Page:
Boston, MA – It was all over the news. Keeping the exhibition industry humming in the wake of two bombs having exploded during Boston’s famed marathon hinged on prompt and thorough communications from trade show organizers and convention center officials.
Two healthcare-sector annual meetings proceeded amid disruptions that were kept to a minimum because management, attendees and exhibitors knew what was going on.
“We are grateful to our customers and their attendees for their patience throughout a week of uncertainty,” said Jim Rooney, executive director of the Massachusetts Convention Center Authority. “We are also thankful to our staff and contract partners for reassuring and updating our guests and helping to keep them and our facilities safe.”
The emergency in Boston was a unique experience for venue managers. There were actually two red alerts in the city that occurred days apart. The first was on Monday April 15, when two explosions rocked the finish line of the Boston Marathon, a short distance from the John B. Hynes Veterans Memorial Convention Center. The second was Friday April 19, when the city declared a “shelter in place” that nearly locked down the area as police scoured the city for the two suspects.
Friday was move-in day for Boston Comic Con at Hynes and the Experimental Biology 2013 Annual Meeting. Comic Con had planned to go ahead with the popular event and issued a warning to costumed attendees to leave masks and prop weapons at home. But at the last minute, the logistical challenges proved too much and the show was postponed until a later date.
“Unfortunately, this situation is beyond our control,” show organizers said in their announcement.
Experimental Biology, however, opened on time on Saturday April 20 at the Boston Convention & Exposition Center (BCEC). “It was a little bit nutty, but we survived,” said Marcella Jackson, director of scientific meetings and conferences for the Federation of American Societies for Experimental Biology.
The shelter-in-place order was loosened enough to allow the roughly 15,000 attendees who left their hotels to enter the BCEC. Jackson told Trade Show Executive (TSE) that the registration desk processed more than 2,000 name badges on the first day. “Our security procedures, which included a bag check, were in place and continued through the entire show,” she said. “We had a full day of meetings and there were tons of people in the building.”
Earlier in the week, the Ambulatory Surgery Center Association (ASCA) Annual Meeting had opened at Hynes just two days after the marathon bombs exploded. Show organizers were nonetheless able to complete the move-in under tightened security while briefing attendees and exhibitors on the highly fluid situation.
Kay Tucker, ASCA director of communications, said her office assisted in making program changes on the fly. “We changed a lunch to a buffet and a couple of speakers cancelled, but our members stepped up to take over their sessions,” Tucker told TSE. “We used cell phones and social media to help get the word out. The connectivity of the people at the meeting really helped us find them quickly.”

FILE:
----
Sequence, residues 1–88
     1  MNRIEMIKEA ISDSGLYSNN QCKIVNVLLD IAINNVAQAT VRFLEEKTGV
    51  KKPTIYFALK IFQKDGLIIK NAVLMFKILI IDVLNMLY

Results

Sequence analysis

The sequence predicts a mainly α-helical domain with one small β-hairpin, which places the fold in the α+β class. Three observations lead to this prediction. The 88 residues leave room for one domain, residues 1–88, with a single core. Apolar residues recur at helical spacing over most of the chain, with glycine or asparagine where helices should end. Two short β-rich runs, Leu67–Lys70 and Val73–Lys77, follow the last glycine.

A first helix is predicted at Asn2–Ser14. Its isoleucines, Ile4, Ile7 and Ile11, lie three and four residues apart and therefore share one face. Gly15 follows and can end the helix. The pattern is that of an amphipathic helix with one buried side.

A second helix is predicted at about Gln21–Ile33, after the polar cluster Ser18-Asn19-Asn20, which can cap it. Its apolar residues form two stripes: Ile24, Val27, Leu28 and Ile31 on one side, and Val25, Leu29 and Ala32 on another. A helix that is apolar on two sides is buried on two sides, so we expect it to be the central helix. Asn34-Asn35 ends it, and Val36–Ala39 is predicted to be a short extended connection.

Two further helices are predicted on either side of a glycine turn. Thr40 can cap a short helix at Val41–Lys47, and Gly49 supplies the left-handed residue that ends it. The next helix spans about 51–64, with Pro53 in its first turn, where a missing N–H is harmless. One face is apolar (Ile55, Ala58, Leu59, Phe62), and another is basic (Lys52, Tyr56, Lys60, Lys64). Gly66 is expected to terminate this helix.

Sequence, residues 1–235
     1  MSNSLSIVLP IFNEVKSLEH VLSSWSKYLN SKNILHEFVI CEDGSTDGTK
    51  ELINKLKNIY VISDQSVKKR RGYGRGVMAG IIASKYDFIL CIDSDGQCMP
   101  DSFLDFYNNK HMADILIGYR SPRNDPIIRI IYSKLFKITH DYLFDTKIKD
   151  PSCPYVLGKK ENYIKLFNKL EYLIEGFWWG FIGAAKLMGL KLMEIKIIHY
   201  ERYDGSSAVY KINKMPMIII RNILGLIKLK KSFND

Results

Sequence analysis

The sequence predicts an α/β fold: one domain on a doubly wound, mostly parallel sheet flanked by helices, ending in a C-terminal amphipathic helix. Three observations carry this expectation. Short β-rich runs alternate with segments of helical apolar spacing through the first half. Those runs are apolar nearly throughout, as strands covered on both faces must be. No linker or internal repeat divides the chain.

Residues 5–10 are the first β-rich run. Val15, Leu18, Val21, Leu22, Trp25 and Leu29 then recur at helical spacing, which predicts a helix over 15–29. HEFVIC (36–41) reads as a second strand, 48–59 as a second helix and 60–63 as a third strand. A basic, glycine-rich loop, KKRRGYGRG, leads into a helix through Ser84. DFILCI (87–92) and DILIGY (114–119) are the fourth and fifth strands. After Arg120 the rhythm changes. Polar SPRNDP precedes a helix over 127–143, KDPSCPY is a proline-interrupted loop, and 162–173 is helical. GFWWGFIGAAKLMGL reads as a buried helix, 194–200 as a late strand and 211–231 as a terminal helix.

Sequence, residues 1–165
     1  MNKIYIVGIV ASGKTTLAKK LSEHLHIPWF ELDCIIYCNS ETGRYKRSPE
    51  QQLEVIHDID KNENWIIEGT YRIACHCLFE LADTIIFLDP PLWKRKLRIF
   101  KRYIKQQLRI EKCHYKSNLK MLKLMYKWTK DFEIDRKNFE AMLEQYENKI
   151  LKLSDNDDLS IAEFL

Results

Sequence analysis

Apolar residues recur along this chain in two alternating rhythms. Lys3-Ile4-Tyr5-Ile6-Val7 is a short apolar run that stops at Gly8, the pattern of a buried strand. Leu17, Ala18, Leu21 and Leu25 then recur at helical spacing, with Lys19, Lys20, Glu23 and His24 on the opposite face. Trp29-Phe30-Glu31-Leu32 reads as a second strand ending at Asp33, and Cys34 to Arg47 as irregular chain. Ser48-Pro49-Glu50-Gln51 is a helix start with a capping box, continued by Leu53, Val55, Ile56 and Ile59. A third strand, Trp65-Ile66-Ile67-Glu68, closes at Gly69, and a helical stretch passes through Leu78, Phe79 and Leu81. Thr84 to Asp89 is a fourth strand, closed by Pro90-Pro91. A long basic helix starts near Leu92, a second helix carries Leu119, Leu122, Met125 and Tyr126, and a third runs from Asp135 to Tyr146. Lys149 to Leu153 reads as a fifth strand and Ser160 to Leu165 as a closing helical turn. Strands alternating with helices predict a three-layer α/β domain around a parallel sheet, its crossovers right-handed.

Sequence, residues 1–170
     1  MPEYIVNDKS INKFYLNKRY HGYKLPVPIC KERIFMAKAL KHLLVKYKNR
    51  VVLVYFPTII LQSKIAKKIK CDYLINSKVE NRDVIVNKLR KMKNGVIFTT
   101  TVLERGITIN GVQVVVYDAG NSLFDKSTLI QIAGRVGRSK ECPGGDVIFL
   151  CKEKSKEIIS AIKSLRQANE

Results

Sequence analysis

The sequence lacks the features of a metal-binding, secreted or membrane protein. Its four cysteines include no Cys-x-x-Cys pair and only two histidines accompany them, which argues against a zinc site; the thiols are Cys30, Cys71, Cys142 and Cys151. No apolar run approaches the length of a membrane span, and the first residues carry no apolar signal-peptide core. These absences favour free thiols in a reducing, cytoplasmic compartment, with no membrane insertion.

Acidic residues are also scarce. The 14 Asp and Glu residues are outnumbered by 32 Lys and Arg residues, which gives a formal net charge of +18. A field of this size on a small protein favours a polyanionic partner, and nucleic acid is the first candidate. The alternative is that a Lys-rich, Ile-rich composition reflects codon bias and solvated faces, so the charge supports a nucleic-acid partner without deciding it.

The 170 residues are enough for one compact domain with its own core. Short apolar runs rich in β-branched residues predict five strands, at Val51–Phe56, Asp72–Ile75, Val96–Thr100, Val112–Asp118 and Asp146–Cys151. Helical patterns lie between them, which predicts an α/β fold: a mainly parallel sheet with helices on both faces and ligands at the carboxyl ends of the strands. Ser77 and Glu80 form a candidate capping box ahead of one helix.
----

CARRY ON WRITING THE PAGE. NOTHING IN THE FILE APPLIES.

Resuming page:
Attendance at ASCA 2013 was about 5% below what was expected. As the FASB’s Jackson pointed out, Boston was not completely locked down to the point that no one could get to the event. “The airport was open and accepting flights, and only certain city streets were closed,” she said.
“We received multiple inquiries from attendees who were concerned about what was being projected in the news media,” Jackson said. “We informed them the meeting was taking place and also updated our website several times.”
Moreover, Rooney said that business will continue at Hynes and the BCEC through the coming Summer months, but attendees may find that the protocols have changed. Rooney said building security was eased following the arrest of one suspected bomber and the death of the other. There will, however, be tighter scrutiny on who may enter the buildings in the coming months.
Contractors, exhibitors and attendees will be required to display identification badges at all times and pass through a bag check before entering. Fred Peterson, director of facilities operations for the MCCA, said acceptable ID for show labor would be limited to temporary and permanent staff cards issued by the MCCA, and the Worker ID System (WIS) badge created by the Exhibition Services & Contractors Association (ESCA). “The WIS is the only outside recognized badge that we accept,” Peterson told TSE. “It has been extremely helpful and beneficial to us on a variety of levels”
Those without proper ID can expect to be contacted by building security. Bomb-sniffing dogs have routinely inspected the centers in the past and will become a more-common sight, Rooney said.
The immediate and long-term steps taken by the MCCA were considered commendable by exhibition industry leaders. “They excelled in their communications, providing frequent updates and instructions throughout the ‘shelter in place’ period,” said Larry Arnaudet, executive director of ESCA.
Show management also reported having received kudos from attendees for going on with the show during a terrorism alert with the same determination they would persevere through a blizzard or a hurricane. “Our members were tremendous,” said Tucker. “We received a lot of thanks for continuing. But surgery centers deal with life-and-death dramas and are used to making last-minute decisions. They don’t get rattled.”
Reach Jim Rooney at (617) 954-2470 or email@example.com; Marcella Jackson at (301) 634-7012 or firstname.lastname@example.org; Kay Tucker at (703) 836-8808 or email@example.com; Larry Arnaudet at (972) 447-8212 or firstname.lastname@example.org